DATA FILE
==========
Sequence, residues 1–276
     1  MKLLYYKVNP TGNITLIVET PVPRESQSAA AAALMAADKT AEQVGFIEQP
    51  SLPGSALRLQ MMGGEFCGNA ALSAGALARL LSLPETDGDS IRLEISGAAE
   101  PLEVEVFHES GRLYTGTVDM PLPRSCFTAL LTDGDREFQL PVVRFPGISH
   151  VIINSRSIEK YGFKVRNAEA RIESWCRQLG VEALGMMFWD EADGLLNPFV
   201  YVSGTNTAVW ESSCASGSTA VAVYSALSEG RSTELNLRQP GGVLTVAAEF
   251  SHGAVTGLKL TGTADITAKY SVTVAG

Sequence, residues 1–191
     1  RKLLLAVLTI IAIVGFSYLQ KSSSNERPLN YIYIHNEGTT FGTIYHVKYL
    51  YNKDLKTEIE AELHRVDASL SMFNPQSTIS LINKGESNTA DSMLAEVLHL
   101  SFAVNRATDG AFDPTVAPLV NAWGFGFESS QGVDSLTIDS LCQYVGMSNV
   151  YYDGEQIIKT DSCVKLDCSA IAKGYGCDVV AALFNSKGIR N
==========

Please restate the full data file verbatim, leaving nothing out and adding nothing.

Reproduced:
Sequence, residues 1–276
     1  MKLLYYKVNP TGNITLIVET PVPRESQSAA AAALMAADKT AEQVGFIEQP
    51  SLPGSALRLQ MMGGEFCGNA ALSAGALARL LSLPETDGDS IRLEISGAAE
   101  PLEVEVFHES GRLYTGTVDM PLPRSCFTAL LTDGDREFQL PVVRFPGISH
   151  VIINSRSIEK YGFKVRNAEA RIESWCRQLG VEALGMMFWD EADGLLNPFV
   201  YVSGTNTAVW ESSCASGSTA VAVYSALSEG RSTELNLRQP GGVLTVAAEF
   251  SHGAVTGLKL TGTADITAKY SVTVAG

Sequence, residues 1–191
     1  RKLLLAVLTI IAIVGFSYLQ KSSSNERPLN YIYIHNEGTT FGTIYHVKYL
    51  YNKDLKTEIE AELHRVDASL SMFNPQSTIS LINKGESNTA DSMLAEVLHL
   101  SFAVNRATDG AFDPTVAPLV NAWGFGFESS QGVDSLTIDS LCQYVGMSNV
   151  YYDGEQIIKT DSCVKLDCSA IAKGYGCDVV AALFNSKGIR N